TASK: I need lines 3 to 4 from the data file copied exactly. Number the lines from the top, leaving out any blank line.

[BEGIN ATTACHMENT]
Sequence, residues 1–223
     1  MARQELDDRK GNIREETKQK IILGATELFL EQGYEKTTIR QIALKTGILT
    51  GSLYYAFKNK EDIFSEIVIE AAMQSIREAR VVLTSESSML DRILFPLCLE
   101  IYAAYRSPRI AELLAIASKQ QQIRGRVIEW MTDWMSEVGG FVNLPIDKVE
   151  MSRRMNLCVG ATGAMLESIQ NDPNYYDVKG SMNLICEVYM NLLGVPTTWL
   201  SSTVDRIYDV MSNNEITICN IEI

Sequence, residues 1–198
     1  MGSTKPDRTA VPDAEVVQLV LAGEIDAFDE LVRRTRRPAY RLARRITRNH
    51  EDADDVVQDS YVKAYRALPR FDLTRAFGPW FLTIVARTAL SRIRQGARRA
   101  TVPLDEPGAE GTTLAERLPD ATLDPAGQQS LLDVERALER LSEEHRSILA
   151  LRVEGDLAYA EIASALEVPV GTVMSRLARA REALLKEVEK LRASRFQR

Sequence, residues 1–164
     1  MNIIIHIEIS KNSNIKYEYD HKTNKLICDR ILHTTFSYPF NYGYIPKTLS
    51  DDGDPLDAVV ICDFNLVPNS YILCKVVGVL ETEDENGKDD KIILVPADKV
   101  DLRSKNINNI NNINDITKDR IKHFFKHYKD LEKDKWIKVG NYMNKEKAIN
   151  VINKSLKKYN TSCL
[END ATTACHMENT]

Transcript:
    51  GSLYYAFKNK EDIFSEIVIE AAMQSIREAR VVLTSESSML DRILFPLCLE
   101  IYAAYRSPRI AELLAIASKQ QQIRGRVIEW MTDWMSEVGG FVNLPIDKVE